Hager-Ashley maintenance free JBs with spring terminals. The jury is still out on their longevity but the regs allow these, because the manufacturer rates them as fit for purpose. But I personally wouldn't stick then under tiles or laminate just in case! Under floorboards is fine, and under easily liftable floorboards, you could use a screwed JB anyway.

And you'd need either full *continuous*[1] conduit/trunking or double insulated singles. Unenclosed single-insulated singles (wibble) are NOT allowed anywhere.
[1] That means continuous, no 1" gap by the light because it was too hard...

JBs in a more remote but accessible location? Eg group them in a few locations and have little access panels in the floor. More cable required, but easier to maintain.
As all my lighting is run mostly on one level, with a dormer conversion, I've made up 4 large junction boxes with DIN rain and DIN terminals. One in each quadrant of the house, in the corner voids behind the dormer room walls (where there are large accessible voids).
Not for everyone - costs more (could have used lots of regular JBs for the same effect, but I want somewhere to stick relays for a bit of remote control) and needs more cable. However, not *that* much more in my case due to the layout.

Another option - permanant power to all lights and fit radio controlled units to each one. No cables to the switches. Cool, but costs a fortune. getting more popular though - check out Homebase and B&Q - they seem to be increasing the range of these units.

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Tim Watts

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Thanks for all the answers...

Special thanks to you Tim and also to NT for pointing out problems with this!

Fine upstairs (JBs grouped in loft) but _really_ painful for downstairs lights.
Downstairs I think I'll just loop into switches, join neutrals using a chocolate block (one bit of!), and go from switch to fitting with 3- core + earth to allow me to send unswitched live to fitting later if I need to.
Shall I leave the initially unused strand of 3-core "floating" (I'm worried about it touching something live and causing problems), or parallel it to the switched live both ends, or wire it into the earth both ends to keep it out of harm's way?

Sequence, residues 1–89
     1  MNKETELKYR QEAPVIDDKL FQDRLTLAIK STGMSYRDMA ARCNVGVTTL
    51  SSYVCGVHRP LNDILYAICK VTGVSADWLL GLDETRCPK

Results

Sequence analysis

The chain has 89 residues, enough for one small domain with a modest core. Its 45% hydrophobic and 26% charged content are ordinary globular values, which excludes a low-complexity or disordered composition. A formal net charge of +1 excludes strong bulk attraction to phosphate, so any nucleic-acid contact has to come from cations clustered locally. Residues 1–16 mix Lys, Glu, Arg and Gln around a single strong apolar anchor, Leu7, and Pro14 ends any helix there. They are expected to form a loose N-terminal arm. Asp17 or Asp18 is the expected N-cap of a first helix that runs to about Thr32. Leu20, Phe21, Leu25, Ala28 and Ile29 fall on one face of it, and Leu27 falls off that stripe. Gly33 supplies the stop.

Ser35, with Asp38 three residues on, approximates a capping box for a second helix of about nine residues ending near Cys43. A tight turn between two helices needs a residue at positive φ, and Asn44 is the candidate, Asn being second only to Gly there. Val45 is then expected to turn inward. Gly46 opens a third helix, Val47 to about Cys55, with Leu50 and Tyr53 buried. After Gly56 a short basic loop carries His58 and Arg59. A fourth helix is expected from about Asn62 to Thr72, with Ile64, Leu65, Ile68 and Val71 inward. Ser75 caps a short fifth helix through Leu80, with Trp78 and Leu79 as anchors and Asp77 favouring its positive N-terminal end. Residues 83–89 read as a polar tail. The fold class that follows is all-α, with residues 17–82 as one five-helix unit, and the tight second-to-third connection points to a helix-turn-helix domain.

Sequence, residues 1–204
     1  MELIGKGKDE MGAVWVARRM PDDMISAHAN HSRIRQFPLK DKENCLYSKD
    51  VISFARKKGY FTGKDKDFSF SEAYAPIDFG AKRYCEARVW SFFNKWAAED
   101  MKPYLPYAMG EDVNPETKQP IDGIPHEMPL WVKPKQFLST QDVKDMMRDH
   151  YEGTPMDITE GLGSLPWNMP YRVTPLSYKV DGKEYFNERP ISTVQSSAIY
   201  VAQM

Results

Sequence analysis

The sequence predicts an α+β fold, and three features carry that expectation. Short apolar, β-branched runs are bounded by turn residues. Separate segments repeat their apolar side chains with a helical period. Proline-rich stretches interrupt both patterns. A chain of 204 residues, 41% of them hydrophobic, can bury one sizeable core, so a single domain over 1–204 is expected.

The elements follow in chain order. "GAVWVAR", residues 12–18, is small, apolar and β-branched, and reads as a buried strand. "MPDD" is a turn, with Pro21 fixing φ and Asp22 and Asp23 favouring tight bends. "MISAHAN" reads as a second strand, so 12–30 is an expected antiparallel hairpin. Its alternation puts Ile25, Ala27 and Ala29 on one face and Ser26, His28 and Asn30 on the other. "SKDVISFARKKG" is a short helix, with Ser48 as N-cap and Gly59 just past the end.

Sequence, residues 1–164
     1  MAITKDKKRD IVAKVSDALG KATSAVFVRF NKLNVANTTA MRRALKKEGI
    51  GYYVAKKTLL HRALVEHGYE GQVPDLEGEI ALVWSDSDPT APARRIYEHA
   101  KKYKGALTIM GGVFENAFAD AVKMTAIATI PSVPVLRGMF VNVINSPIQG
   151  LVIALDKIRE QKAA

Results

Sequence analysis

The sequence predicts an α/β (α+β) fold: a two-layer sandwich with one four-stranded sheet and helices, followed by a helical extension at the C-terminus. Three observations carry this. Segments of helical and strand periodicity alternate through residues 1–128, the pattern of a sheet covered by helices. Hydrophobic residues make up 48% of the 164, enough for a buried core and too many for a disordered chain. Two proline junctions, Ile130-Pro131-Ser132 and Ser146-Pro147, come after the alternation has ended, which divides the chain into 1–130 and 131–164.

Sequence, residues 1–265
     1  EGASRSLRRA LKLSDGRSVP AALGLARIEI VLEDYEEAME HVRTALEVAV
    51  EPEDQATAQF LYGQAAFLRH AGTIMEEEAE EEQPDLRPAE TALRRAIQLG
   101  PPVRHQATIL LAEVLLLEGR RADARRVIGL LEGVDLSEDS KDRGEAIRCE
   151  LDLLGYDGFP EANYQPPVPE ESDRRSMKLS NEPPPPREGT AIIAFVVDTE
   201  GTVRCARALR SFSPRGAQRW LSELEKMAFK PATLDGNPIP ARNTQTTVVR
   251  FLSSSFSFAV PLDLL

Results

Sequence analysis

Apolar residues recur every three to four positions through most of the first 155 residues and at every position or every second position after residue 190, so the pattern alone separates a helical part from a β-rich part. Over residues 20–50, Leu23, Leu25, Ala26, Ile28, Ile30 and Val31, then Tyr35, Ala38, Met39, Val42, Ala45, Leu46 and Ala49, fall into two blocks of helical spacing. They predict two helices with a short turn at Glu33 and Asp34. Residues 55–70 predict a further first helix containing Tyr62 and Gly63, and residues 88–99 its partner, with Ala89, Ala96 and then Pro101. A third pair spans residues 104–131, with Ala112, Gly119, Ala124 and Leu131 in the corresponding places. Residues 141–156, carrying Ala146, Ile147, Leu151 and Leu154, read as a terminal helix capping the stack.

Cheers, David.
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wrote:

I usually earth spare cores.
Adam
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wrote:

I usually leave spare cores unstripped and put tape over each end, so it looks spare, and not a possible replacement to a broken earth.
Toby...
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wrote:

Hang on a second - with standard 3-core + earth (brown, black, grey), I don't have a blue for neutral.
I'm sure I've used 3-core before with one of those colours carrying neutral (interlinked smoke alarms being the most obvious; brown live, black = neutral, grey - interlink I think) - but where in the regs does it say that this is allowed?
Specifically, the on-site guide says neutral = blue, and that's it.
Brown obviously works for live, and black and grey obviously work for switched live - but black or grey for neutral - where does it say I can do that?!
Cheers, David.
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wrote:

You need some blue sleeving.
Good practice is to sleeve the grey not the black with blue sleeving and use that as the neutral connection where needed.
Adam
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wrote:

OK - will just swapping the last 1-2cm of the insulation for blue insulation (stripped from a blue wire elsewhere) do? That's what I've done in the past to mark the blue as brown in a switch feed (but back then, no one was checking!).

Why grey not black? (Just interested).
I was going to use brown for the switched live - but then thought "if/ when I want both switched and unswitched live down this cable, brown will definately be unswitched live, so grey (or following your advice, black) will be switched".
Pity there's no proper guide on the use of 3-core colours in various scenarios, including this one. Am I correct in believing this means it doesn't actually matter?
Cheers, David.
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On 02/06/10 21:11, David Robinson wrote:

Heavens no. You'll have a broken point in the insulation. You can use blue insulating tape (B&Q) instead of sleeve.

Trying to break the association that black is neutral - or that's the story I heard.

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Tim Watts

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Good point. Though it was more like 0.5cm, so was almost in the switch terminal anyway. I don't like insulation tape, but I agree it's safer in this context.

Interesting. That's quite funny really - in the old colours, I used the Blue of 3-core for the Neutral on the smoke alarms precisely because it was neutral in the "other"(at the time, flex only) colours.
(I hate these new colours - but I know I'm 5 years too late to say it!)
Neutral Grey it is then.
Thanks for all your help.
Cheers, David.
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In article

But the three phase colours predated the change in flex colours by many many years.

It should have been done years ago when the flex colours changed - you'd have been used to it by now. ;-)

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Dave Plowman snipped-for-privacy@davenoise.co.uk London SW
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Nah - they'd still be lousy colours for being able to tell apart in the dirt/dust/dark! ;)
Cheers, David.